If there is a God who created an orderly world we can discover its laws. God is irrelevant to the day to day conduct of life. He is an absentee deity at best.

Optimism is possible because history is essentially progressive. This progress is not automatic but it is inevitable. There is no sin and no need for salvation. Humanity will achieve its own goals as it pursues the change, the new, the novel. The old is bad, the new is good.

One does not go to church for knowledge. The church exists for emotional comfort and socially correct moral instruction.

It is obvious, at least to me, that the Church cannot give an unqualified ‘yes’ to these societal assumptions. It is also apparent that they are very much a part of the current landscape of American society and other parts of the world as well. What is the role of the Church within this kind of social context? Tomorrow we will look at that question.

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“May the peace of God that passes all understanding keep your hearts and minds in Christ Jesus our Lord.”

 

 

 

 

 

 

 

 

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1 Corinthians 12

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“You are the body of Christ and individually members of one another.”

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One of my college courses was a class on church history. The professor was a well-known theologian who participated in the Lutheran\Orthodox dialogs. As a result much of the course focused on Eastern Orthodox Christianity. A fellow classmate and I became curious. So, early one Sunday, I mean REALLY early, about 3AM on a frigid morning in February, we headed north from Moorhead, Minnesota to make the 10AM service at the Serbian Orthodox Church in Winnipeg, Manitoba. We arrived in plenty of time. I will never forget walking into the sanctuary and for the next two hours being caught up in the great liturgy of the Orthodox Church. It was the first and most powerful vision I had ever experienced of the Church universal.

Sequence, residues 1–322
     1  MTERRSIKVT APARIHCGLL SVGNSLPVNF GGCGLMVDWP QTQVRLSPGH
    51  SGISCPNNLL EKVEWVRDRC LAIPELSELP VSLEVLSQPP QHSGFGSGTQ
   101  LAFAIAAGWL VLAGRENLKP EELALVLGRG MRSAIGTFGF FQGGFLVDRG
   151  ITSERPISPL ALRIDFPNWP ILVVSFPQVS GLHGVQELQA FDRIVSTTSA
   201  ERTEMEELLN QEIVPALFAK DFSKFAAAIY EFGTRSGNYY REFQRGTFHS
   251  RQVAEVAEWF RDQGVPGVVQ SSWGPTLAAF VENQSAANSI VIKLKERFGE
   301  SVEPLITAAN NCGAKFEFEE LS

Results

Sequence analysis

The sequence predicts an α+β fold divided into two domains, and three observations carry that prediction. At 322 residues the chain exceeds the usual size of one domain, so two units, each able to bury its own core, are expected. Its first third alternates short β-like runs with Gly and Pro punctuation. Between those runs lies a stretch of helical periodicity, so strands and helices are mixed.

“You are the body of Christ and individually members of one another.” These words are so simple, direct and unequivocal it almost takes your breath away. There is no talk of here of a private Jesus in your heart, though that language may have it’s place. There is no language here of the church as a patch of real estate and a few buildings on a street corner, for these are utterly unecessary where the body of Christ is concerned. There is only “You” in the plural. The Church consists of “living stones’, the people, the community gathered around word and sacrament. The Church is the Living Christ in and among His people. 

The nasty atmosphere in which we find ourselves these days is characterized by a prickly defensiveness that uses the slightest differences between Christians as an excuse to repudiate Paul’s words. The last thing many in the churches want is to be “members of one another”. Furthermore, there are plenty of Christians who are more than willing to let you know, in no uncertain terms, that because you disagree with them you are going to hell.

For my part, the question that the presence of other Christian communities raises is not ‘Who is a Christian?’ Rather, as I sat among those Serbian brothers and sisters years ago, the question that came to me and that has been with me ever since was this; ‘What is a Christian?’ Following this question into Scripture, the Confessions, tradition, the Church and the world has been a fruitful, challenging and humbling journey. It has taught me to be content with letting Jesus be the Lord of His people, the Church, even as I struggle to understand what it means to belong to Him – and to all those who confess His name.